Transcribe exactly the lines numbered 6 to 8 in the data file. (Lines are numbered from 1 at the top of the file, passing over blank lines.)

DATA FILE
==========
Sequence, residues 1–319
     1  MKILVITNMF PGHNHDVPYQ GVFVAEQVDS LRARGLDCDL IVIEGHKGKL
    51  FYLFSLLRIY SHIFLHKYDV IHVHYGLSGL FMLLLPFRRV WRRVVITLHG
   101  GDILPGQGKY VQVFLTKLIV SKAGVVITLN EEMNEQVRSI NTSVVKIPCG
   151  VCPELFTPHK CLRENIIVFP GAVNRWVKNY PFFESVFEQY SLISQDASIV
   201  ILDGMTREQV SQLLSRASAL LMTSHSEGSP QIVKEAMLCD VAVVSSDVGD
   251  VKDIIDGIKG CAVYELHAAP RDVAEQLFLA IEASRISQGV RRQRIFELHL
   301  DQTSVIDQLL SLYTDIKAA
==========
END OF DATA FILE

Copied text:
   201  ILDGMTREQV SQLLSRASAL LMTSHSEGSP QIVKEAMLCD VAVVSSDVGD
   251  VKDIIDGIKG CAVYELHAAP RDVAEQLFLA IEASRISQGV RRQRIFELHL
   301  DQTSVIDQLL SLYTDIKAA